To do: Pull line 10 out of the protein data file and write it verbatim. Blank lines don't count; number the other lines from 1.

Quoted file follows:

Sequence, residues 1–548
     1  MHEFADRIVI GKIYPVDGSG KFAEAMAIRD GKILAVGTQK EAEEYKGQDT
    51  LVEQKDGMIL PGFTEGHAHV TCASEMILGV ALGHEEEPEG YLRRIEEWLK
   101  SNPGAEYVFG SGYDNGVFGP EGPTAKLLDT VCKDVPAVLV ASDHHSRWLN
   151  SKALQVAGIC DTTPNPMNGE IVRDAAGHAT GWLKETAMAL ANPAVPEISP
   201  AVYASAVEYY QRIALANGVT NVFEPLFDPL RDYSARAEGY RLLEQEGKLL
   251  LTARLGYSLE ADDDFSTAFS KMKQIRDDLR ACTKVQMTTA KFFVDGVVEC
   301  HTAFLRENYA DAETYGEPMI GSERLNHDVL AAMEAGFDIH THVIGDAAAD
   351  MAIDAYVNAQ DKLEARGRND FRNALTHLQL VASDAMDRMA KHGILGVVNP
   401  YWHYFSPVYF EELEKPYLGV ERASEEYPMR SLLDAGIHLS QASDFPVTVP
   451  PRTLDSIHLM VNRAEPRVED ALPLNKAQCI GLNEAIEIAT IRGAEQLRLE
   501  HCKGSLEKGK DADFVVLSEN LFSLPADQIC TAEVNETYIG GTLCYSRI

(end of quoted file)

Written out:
   401  YWHYFSPVYF EELEKPYLGV ERASEEYPMR SLLDAGIHLS QASDFPVTVP